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Pitting in Nickel Sulfamate Bath


(2005)

Q. I am a chemical engineer at a defense and space company working mainly in circuit fabrication. We have been having a lot of problems with pitting in our nickel sulfamate bath. I was wondering if you guys had any additional advice that you could give me.

Here's the scoop. I have tried many of the common solutions to pitting problems. Adding boric acid, providing additional agitation, checking the pH, checking the connections from the rectifier, and adding some hydrogen peroxide. These modifications didn't help, thus, we have replaced the nickel bath twice, since the first replacement didn't provide any difference either. We seem to be having most of the pitting on smaller surface areas.

I am thinking of replacing the anodes or cleaning the anodes that we currently have. What is the best way to clean the nickel s-round anodes? HCl and water?

Any other suggestions that could help solve this mystery?

Thank you very much for your help and advice.

Warm Regards,

Ghee Kim
Defense & Space - San Diego, California, USA


(2005)

A. Does your process use proprietary additives? If so check the levels of brightener and wetting agent (you may need to ask your supplier for advice about how to do this).

Check the surface tension of the solution. If the chemistry of the bath is correct there could be two problems:

1. Pre-cleaning. You haven't told us what the pre-clean cycle is. Any contamination left on the surface will affect the quality of plating (check for waterbreaks before you nickel strike).

2. The parts are not wetting out in the plating bath. By checking the surface tension of the solution you should be able to determine if you have sufficient wetting agent present.

If you are still not getting anywhere you could consider asking your chemical supplier for assistance, they usually have a reasonable idea about the process.

Brian Terry
Aerospace - Yeovil, Somerset, UK


simultaneous (2005)

A. Check rectifier, electrical contact, Voltage on rectifier and compare with the voltage in anodes and cathode, check water quality, it should be D.I. water.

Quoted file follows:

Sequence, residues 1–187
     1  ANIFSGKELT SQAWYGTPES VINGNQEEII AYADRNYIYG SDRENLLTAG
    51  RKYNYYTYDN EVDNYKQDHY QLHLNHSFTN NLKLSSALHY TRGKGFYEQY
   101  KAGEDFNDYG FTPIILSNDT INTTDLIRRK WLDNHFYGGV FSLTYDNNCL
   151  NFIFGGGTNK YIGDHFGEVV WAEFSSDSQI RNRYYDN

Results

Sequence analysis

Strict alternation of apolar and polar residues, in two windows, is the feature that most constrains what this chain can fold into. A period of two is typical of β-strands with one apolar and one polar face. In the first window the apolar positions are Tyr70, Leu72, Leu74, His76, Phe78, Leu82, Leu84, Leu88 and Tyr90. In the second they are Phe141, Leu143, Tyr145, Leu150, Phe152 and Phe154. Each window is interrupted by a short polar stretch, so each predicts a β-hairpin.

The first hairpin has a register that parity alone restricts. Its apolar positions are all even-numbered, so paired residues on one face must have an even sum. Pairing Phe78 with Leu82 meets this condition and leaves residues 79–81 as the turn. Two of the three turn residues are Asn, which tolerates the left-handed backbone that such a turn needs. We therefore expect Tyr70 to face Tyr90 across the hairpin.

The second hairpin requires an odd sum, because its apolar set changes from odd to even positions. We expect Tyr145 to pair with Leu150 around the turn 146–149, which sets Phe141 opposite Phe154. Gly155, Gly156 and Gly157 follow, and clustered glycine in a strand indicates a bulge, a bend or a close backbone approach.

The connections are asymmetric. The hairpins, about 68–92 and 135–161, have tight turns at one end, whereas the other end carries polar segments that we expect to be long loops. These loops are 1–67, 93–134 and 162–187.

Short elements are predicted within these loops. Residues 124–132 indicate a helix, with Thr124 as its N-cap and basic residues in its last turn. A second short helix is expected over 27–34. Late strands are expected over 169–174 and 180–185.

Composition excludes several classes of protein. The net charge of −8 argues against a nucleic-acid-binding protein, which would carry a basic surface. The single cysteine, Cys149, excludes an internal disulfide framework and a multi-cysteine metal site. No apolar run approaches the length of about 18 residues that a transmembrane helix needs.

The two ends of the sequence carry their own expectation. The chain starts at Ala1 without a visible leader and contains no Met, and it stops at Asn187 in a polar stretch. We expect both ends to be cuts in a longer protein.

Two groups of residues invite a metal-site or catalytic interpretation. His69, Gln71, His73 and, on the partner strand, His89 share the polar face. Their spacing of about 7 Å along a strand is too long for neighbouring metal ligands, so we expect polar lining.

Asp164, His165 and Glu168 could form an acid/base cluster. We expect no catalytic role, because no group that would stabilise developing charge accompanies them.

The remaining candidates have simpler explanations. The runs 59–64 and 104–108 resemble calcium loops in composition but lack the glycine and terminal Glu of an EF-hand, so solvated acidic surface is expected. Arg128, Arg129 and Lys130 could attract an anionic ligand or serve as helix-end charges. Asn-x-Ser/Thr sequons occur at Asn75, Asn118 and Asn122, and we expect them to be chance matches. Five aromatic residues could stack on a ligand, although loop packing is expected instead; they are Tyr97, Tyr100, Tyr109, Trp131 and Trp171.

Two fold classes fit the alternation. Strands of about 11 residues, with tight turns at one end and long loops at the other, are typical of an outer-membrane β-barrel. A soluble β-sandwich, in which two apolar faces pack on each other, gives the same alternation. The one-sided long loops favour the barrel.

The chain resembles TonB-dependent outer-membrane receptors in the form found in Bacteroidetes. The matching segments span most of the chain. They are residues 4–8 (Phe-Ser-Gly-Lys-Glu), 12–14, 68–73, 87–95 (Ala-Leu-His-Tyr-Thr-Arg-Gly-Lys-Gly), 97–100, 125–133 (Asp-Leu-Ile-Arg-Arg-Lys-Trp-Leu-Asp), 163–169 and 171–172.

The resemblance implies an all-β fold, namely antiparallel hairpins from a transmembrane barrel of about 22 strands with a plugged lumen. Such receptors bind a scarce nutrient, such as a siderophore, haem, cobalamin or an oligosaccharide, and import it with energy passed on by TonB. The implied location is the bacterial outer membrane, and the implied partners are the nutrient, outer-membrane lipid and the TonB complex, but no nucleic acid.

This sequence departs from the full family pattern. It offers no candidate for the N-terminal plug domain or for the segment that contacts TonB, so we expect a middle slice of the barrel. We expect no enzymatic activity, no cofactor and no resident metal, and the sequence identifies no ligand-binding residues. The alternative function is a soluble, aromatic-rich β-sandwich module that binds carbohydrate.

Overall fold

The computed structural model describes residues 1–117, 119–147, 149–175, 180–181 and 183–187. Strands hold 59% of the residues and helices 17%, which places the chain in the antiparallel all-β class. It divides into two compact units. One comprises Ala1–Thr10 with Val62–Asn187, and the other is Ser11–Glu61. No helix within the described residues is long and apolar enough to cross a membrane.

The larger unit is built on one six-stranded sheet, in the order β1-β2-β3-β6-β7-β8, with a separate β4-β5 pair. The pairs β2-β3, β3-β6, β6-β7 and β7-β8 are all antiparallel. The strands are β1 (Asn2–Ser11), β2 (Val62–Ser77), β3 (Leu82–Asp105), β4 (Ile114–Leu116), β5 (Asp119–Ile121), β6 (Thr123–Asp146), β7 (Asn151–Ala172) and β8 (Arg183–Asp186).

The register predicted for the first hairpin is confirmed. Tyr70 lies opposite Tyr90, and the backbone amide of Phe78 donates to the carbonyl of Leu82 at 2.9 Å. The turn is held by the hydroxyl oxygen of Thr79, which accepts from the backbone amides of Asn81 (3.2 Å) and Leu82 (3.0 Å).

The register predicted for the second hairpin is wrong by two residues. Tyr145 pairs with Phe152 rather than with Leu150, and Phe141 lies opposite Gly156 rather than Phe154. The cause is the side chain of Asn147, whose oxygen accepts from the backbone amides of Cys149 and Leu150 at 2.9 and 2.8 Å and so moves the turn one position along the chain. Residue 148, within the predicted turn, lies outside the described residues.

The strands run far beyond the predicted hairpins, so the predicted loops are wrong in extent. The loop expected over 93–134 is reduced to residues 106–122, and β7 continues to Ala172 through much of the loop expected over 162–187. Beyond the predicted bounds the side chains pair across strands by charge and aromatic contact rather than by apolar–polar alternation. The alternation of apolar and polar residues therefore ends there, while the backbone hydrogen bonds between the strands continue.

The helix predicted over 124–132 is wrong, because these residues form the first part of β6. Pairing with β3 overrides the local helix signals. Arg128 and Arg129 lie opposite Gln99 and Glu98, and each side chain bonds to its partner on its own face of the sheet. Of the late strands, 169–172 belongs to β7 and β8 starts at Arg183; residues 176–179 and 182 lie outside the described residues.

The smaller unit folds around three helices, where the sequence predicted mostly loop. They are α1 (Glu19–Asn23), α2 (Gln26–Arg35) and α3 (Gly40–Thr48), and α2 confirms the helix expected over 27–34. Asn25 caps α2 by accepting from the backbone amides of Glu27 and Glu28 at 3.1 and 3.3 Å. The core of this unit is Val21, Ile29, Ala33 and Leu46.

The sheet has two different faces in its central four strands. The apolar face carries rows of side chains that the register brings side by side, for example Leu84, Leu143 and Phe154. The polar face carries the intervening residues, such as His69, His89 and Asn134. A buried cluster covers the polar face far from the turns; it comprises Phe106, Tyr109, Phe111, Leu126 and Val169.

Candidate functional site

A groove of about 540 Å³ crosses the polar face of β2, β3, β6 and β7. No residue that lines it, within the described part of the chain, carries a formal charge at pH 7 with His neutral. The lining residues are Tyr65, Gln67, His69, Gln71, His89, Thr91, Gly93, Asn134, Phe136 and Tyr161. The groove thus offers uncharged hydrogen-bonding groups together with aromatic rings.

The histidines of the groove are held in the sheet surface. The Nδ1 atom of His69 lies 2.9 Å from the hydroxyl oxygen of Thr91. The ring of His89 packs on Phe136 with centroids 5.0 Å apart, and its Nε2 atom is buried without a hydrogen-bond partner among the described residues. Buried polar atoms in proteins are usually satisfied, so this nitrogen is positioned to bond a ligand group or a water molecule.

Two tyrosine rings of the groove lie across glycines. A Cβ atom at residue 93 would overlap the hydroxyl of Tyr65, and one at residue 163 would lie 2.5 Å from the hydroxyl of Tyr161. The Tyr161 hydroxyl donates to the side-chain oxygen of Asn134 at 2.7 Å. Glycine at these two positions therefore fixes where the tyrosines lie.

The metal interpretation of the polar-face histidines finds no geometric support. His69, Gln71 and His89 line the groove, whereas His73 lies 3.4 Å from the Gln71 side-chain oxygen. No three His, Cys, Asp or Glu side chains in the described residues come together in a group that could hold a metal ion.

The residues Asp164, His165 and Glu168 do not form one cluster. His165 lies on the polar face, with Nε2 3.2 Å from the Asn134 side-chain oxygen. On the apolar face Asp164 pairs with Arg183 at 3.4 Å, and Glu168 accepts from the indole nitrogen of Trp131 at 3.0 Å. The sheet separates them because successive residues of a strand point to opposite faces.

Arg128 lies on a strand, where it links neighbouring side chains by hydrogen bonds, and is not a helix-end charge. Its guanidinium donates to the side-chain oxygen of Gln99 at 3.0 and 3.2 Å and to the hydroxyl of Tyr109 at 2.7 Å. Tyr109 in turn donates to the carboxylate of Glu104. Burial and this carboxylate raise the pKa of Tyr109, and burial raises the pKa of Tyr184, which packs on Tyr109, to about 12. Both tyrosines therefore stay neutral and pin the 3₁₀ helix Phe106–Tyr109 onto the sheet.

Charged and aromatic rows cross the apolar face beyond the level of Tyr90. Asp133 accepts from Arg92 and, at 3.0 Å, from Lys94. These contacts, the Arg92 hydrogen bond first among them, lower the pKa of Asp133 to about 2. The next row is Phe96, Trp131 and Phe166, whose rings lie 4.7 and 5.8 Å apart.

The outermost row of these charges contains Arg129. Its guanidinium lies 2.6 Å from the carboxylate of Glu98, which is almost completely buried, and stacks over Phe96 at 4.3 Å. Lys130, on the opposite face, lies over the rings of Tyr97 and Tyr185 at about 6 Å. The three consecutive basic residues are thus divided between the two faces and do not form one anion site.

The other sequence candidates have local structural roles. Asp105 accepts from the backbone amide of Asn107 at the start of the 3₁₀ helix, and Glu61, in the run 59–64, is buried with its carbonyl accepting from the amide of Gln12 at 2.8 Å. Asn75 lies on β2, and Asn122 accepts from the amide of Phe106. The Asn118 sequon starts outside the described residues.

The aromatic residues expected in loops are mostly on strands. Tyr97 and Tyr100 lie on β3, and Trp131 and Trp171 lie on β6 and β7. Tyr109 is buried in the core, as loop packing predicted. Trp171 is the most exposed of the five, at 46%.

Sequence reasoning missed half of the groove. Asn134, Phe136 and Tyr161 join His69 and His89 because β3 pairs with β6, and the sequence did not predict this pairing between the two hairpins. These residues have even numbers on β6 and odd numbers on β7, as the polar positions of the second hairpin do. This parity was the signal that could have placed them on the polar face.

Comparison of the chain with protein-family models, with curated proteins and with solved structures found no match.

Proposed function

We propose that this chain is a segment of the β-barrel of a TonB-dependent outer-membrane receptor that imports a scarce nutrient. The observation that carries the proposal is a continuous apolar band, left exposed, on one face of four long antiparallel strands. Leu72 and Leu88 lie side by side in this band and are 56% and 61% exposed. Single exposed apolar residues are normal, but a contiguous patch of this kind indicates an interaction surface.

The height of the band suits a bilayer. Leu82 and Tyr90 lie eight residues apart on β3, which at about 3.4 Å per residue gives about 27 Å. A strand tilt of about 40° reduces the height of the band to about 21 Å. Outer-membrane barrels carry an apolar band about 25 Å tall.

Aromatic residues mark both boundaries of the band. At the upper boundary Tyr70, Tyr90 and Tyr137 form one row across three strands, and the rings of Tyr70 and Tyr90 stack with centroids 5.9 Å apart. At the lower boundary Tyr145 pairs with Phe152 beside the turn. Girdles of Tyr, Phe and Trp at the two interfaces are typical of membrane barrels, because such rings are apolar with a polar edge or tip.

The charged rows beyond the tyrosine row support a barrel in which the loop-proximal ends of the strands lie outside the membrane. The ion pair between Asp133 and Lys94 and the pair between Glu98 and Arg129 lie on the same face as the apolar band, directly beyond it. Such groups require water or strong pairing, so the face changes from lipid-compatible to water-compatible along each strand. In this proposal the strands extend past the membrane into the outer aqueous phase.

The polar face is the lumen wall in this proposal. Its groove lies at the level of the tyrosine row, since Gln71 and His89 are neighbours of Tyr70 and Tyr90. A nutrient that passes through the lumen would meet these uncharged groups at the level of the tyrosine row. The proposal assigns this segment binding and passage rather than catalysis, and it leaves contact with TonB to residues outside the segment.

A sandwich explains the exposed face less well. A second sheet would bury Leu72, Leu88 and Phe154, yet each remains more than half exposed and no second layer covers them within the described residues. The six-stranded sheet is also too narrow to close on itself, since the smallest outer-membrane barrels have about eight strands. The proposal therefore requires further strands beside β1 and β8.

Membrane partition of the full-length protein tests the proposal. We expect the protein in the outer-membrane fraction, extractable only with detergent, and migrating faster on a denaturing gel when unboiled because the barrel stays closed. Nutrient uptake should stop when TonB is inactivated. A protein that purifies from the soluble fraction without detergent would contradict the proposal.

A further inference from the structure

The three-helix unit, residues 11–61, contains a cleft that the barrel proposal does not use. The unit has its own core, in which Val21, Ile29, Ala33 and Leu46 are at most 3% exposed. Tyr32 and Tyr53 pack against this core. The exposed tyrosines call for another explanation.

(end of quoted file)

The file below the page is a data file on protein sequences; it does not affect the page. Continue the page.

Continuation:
Carlos Carrera
- Miami, Florida, USA


(2005)

A. Dear Ghee,

you've written about your action which was taken to eliminate the problem. I also have seen that you used hydrogen peroxide to avoid the picking problem. Did you also made a active carbon treatment after using hydrogen peroxide? And what was the temperature (after adding hydrogen peroxide) and is the electrolyte temperature right now? Are all your ingredients of the electrolyte within their specifications and working ranges? Any organic additives? What is about your current density?

And, what kind of agitation do you use?

Best regards,

Dominik Michalek
- Mexico City, Mexico


simultaneous (2005)

A. I note from your information that you have changed the nickel bath without solving the problem. I presume you have done a Hull cell test to make sure your bath is working correctly; if not, this should be your first test before changing anything else. You say you've checked everything, but I see there is no mention of a wetting agent. You will need one that is compatible with your process. Wetting agents are essential to most plating as it reduces the propensity of hydrogen bubbles adhering to the cathodic surface during plating and thereby making pits in the deposit. Nickel deposition is not 100% efficient, so there will always be some hydrogen deposited, but the trick is to prevent it sticking - hence wetting agents. You also do not mention whether the process is proprietary or in-house; if the latter, ask the supplier and if the former, then it's down to you....Other causes of pitting can be operating at too higher current density, inadequate agitation or the wrong pH. The current density is in part connected to the nickel ion concentration, so make sure the two are compatible. Inadequate agitation will allow gas bubble to adhere and the wrong pH will allow excessive hydrogen (too low pH) or nickel hydroxide inclusions (too high pH). I would suggest about 6-8 tank turnovers per hour for common nickel plating and sulphamate nickel should operate at pH 3.6-4.3. It should NEVER operate at over 70 °C as the sulphamate breaks down to sulphate and ammonium ions, causing an increase in stress. If the bath chemistry and operating conditions are OK, then in must be either the plated part (porous substrate?) or the cleaning cycle. Is it possible that the substrate is still contaminated with photoresist materials? It is possible that there is solution contamination due to drag-in, but this is not a common problem in a well run shop. Hope this helps - good luck.